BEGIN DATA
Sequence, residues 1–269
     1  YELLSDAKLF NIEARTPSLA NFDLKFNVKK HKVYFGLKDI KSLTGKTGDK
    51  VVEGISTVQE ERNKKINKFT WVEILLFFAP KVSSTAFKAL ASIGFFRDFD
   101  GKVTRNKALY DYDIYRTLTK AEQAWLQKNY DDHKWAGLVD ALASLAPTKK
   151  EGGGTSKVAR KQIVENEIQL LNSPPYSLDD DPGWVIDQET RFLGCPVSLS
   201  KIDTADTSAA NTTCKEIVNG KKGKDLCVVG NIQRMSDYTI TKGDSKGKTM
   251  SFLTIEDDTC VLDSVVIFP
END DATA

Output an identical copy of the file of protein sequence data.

Sequence, residues 1–269
     1  YELLSDAKLF NIEARTPSLA NFDLKFNVKK HKVYFGLKDI KSLTGKTGDK
    51  VVEGISTVQE ERNKKINKFT WVEILLFFAP KVSSTAFKAL ASIGFFRDFD
   101  GKVTRNKALY DYDIYRTLTK AEQAWLQKNY DDHKWAGLVD ALASLAPTKK
   151  EGGGTSKVAR KQIVENEIQL LNSPPYSLDD DPGWVIDQET RFLGCPVSLS
   201  KIDTADTSAA NTTCKEIVNG KKGKDLCVVG NIQRMSDYTI TKGDSKGKTM
   251  SFLTIEDDTC VLDSVVIFP